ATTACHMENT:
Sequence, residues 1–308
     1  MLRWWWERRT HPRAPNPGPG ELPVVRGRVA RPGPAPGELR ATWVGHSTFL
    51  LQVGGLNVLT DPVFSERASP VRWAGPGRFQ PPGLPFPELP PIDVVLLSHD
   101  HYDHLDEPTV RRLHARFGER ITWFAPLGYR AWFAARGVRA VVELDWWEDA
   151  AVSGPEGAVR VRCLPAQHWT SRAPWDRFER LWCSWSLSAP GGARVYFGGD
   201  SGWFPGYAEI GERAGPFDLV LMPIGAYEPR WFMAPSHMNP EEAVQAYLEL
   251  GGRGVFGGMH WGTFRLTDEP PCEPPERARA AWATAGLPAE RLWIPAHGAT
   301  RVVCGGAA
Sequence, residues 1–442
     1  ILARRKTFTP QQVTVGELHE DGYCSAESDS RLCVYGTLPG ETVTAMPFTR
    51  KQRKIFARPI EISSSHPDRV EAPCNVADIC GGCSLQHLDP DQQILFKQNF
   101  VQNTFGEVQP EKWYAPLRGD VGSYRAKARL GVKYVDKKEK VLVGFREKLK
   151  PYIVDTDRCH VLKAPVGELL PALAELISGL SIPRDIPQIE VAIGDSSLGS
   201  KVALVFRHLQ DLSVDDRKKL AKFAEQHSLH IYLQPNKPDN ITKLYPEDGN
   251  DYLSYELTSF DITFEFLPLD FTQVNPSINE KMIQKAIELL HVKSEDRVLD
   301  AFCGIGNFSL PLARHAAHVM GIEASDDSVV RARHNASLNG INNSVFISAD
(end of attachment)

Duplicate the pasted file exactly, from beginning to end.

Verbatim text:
Sequence, residues 1–308
     1  MLRWWWERRT HPRAPNPGPG ELPVVRGRVA RPGPAPGELR ATWVGHSTFL
    51  LQVGGLNVLT DPVFSERASP VRWAGPGRFQ PPGLPFPELP PIDVVLLSHD
   101  HYDHLDEPTV RRLHARFGER ITWFAPLGYR AWFAARGVRA VVELDWWEDA
   151  AVSGPEGAVR VRCLPAQHWT SRAPWDRFER LWCSWSLSAP GGARVYFGGD
   201  SGWFPGYAEI GERAGPFDLV LMPIGAYEPR WFMAPSHMNP EEAVQAYLEL
   251  GGRGVFGGMH WGTFRLTDEP PCEPPERARA AWATAGLPAE RLWIPAHGAT
   301  RVVCGGAA
Sequence, residues 1–442
     1  ILARRKTFTP QQVTVGELHE DGYCSAESDS RLCVYGTLPG ETVTAMPFTR
    51  KQRKIFARPI EISSSHPDRV EAPCNVADIC GGCSLQHLDP DQQILFKQNF
   101  VQNTFGEVQP EKWYAPLRGD VGSYRAKARL GVKYVDKKEK VLVGFREKLK
   151  PYIVDTDRCH VLKAPVGELL PALAELISGL SIPRDIPQIE VAIGDSSLGS
   201  KVALVFRHLQ DLSVDDRKKL AKFAEQHSLH IYLQPNKPDN ITKLYPEDGN
   251  DYLSYELTSF DITFEFLPLD FTQVNPSINE KMIQKAIELL HVKSEDRVLD
   301  AFCGIGNFSL PLARHAAHVM GIEASDDSVV RARHNASLNG INNSVFISAD